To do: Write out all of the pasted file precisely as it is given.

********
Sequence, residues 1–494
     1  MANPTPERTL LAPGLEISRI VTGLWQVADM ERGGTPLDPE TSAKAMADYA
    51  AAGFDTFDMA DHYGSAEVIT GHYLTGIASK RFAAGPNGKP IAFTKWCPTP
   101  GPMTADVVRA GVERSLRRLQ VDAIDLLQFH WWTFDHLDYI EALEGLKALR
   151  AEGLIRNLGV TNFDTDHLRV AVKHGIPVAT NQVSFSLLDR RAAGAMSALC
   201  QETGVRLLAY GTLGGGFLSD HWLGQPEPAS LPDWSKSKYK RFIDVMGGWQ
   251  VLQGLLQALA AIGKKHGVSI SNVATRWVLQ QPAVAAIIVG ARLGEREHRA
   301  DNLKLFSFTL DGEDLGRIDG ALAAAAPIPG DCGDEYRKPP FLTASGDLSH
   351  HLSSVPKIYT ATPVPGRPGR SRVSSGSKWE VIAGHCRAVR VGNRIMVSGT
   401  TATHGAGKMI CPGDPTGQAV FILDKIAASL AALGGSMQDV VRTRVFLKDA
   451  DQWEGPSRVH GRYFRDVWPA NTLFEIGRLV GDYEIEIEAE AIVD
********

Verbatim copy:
Sequence, residues 1–494
     1  MANPTPERTL LAPGLEISRI VTGLWQVADM ERGGTPLDPE TSAKAMADYA
    51  AAGFDTFDMA DHYGSAEVIT GHYLTGIASK RFAAGPNGKP IAFTKWCPTP
   101  GPMTADVVRA GVERSLRRLQ VDAIDLLQFH WWTFDHLDYI EALEGLKALR
   151  AEGLIRNLGV TNFDTDHLRV AVKHGIPVAT NQVSFSLLDR RAAGAMSALC
   201  QETGVRLLAY GTLGGGFLSD HWLGQPEPAS LPDWSKSKYK RFIDVMGGWQ
   251  VLQGLLQALA AIGKKHGVSI SNVATRWVLQ QPAVAAIIVG ARLGEREHRA
   301  DNLKLFSFTL DGEDLGRIDG ALAAAAPIPG DCGDEYRKPP FLTASGDLSH
   351  HLSSVPKIYT ATPVPGRPGR SRVSSGSKWE VIAGHCRAVR VGNRIMVSGT
   401  TATHGAGKMI CPGDPTGQAV FILDKIAASL AALGGSMQDV VRTRVFLKDA
   451  DQWEGPSRVH GRYFRDVWPA NTLFEIGRLV GDYEIEIEAE AIVD